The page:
Wednesday, June 14, 2017

2017 Fitness Goal - Indiana Spartan Race Preview

If you have been following my blog for a while you will know I like to pick a different fitness goal for each year.  This year I've picked one that is pretty binary.  Its not a metric I can work up to overtime but simply I either complete the Indiana Spartan Sprint on July 8th or I don't.  I think the hope initially was that I wouldn't have yet another goal that would take me 2 or 3 years to complete. Now I'm starting to wonder what I've got myself into.

So what the heck is a Spartan Race?  Its simply a running race typically over trail like conditions with usually lots of hills and a bunch of obstacles thrown in.  There are 3 lengths, Sprint, Super and Beast

Sprint - 3-5 miles 20-23 obstacles
Super - 8-10 miles 24-29 obstacles
Beast - 12-14 miles 30-35 obstacles

Naturally I've signed up for the easiest of the 3, the Sprint race.  Plus the Indiana Spartan race only offers the Sprint not that I have an inclination to do the longer events at this time.  At first I thought 3-5 miles with 20 obstacles sounded relatively tame, but once I started looking at the finishing times from last years event I realized it was going to be a bit tougher than I initially thought.  There are 3 classes Open, Competitive & Elite.  I'm in the Open class.  Here are the fastest times for my age group (45-49) from last years 2016 Indiana Sprint.

Class 1st 10th
Open 1:27:08 1:51:28
Competitive 1:27:08 1:51:28
Elite 1:04:08 1:15:32

Looks they might have combined Open and Competitive.  Ultimately the goal is just to finish first and perhaps 3 hours is a reasonable first time goal (assuming I finish).  I really have no clue what to expect time wise but I do know that it is going to be longer than I first imagined when I signed up for the event.  Oh and did I mention the penalty for an obstacle failure is 30 burpees.  I'm not sure if you have done a burpee lately but doing 30 of them once is pretty taxing in its own right.  Below is one burpee.

With my inexperience it is quite likely that I will fail a lot of obstacles and I could easily have to do 100's of burpees.  Read about this poor guy that DNF'd his Sprint race because he was crushed by burpees.

So what kind of obstacles are there going to be?  Its not always the same obstacles and they can add and change them as they see fit.  But here are some of the more common obstacles I will likely be encountering.

Cargo Net

Multi Rig

Atlas stone

I think its safe to say I'm going to struggle on all the strength based obstacles.  At 145lbs with a skinny frame I'm not really built for strength.  Don't worry so far I'm not that great at running either. I've worked a lot on grip strength as that can benefit me everywhere, but overall I think my failure rate is going to be pretty high.  I've come a long way on things like the monkey bars but shoulder mobility is still an issue.  I'm also going to likely miss things like the spear throw as I'm just going to wing that.  I threw a Javelin once 30 years ago so I'm going to pretend that will carry me through.  I also climbed a rope once at an army base in Scotland when I was 13.  I still remember the technique taught by the British Army back then and that's what I will be using.  Naturally I haven't actually climbed a rope since then.  Obviously I've been doing some burpees as I have to figure I'm potentially looking at doing a couple of hundred or so.  This last month I'm working on just my aerobic engine with one more session with my trainer which will definitely be anaerobic.  I'm continuing my grip workouts though and of course lots of mobility still with Gymnastic Bodies stretching series.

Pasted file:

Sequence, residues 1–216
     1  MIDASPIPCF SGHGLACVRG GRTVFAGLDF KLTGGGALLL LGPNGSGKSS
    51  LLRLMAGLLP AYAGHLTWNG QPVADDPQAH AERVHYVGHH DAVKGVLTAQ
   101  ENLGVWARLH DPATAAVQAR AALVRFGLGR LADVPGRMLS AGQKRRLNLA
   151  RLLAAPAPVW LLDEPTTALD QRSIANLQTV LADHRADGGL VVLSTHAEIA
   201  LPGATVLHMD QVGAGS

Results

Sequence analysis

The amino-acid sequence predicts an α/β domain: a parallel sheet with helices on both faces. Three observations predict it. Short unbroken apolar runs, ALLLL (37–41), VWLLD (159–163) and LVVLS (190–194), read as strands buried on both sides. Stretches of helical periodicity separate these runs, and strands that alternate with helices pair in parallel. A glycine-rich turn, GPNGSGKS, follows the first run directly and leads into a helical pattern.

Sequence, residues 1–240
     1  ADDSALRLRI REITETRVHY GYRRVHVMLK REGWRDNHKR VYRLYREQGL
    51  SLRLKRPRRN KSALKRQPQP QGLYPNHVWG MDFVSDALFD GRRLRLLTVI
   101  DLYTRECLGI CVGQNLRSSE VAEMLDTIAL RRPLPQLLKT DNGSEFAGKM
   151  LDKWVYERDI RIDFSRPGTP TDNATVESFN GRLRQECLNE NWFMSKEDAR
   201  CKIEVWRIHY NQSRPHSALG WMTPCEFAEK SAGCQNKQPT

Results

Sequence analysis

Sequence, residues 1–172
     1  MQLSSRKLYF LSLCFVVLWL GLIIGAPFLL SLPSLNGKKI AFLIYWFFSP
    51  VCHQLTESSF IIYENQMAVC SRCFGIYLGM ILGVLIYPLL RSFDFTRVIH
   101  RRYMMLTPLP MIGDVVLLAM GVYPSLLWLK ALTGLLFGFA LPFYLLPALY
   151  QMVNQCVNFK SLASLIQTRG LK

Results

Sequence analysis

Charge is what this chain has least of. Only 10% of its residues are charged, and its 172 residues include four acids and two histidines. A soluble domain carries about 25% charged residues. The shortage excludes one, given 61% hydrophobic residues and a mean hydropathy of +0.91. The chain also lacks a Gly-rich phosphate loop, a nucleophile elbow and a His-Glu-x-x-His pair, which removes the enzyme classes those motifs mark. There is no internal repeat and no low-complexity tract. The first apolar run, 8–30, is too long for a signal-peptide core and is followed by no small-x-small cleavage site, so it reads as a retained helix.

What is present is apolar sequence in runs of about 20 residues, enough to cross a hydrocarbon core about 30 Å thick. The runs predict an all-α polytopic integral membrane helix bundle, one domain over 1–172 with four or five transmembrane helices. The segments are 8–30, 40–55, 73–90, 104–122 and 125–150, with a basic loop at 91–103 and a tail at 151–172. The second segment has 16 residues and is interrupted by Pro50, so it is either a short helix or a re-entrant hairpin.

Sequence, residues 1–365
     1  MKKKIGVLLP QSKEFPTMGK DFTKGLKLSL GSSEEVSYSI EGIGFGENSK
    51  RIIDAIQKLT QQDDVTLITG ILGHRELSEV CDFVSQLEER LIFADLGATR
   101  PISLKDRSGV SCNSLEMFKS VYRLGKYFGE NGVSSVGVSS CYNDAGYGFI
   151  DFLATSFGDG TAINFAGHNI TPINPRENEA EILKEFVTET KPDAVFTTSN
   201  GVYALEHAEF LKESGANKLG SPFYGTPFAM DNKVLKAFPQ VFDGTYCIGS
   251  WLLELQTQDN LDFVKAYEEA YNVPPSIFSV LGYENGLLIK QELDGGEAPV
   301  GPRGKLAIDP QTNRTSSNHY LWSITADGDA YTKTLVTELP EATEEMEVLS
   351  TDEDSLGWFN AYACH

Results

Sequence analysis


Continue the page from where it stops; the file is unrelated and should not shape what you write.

Here are the hills and terrain I will be dealing with.

Finally I made the mistake of watching the documentary "Rise of the Sufferfests" and it put a new perspective of what I might be in for.  Fortunately I won't have to deal with freezing water as I don't do well in the cold, of course I might change my mind when its the middle of the day in July. 

We will see how woefully unprepared I am.  I'm going to channel my inner Shannon "The Canon" Briggs, let's go Champ!

I'm signed up with a team (Midwest Justice League) as a coworker has a team that runs this event and this ensures we will start together.  At least there will be someone to drag my limp body to the finish if necessary.  Start time is TBA.


Thursday, June 8, 2017

Aerobic Training - The Maffetone Method

If you read my year in review I mentioned there in 2017 I was going to try to put to bed one of my first fitness goals from 2014.  Run 3 miles in under 21 minutes (7 min/mile pace).  In 2014 the closest I got was 2 miles in under 14 minutes and I also ran a 5K at a 7:15 min/mile pace.  So how was I training at the time to complete this goal?  Well like most people I thought the best way to train was to go out and run as hard as I could for 3 miles, seems logical right?  I was running a race pace every time I went out, always trying to better my fastest time.  This means I was always putting my heart rate into an anaerobic zone and I was never actually training my base aerobic system.  Not only that but running this way for every run is putting a lot of stress on the body and putting it into a fight and flight response.  The body doesn't know if I'm out training or if I might be running from a tiger.

Long term this can have all sorts of deleterious effects on your body from your hormones to your thyroid and beyond.  I would also hazard a guess and bet that most people are training/running like this in an anaerobic state and not even realizing it.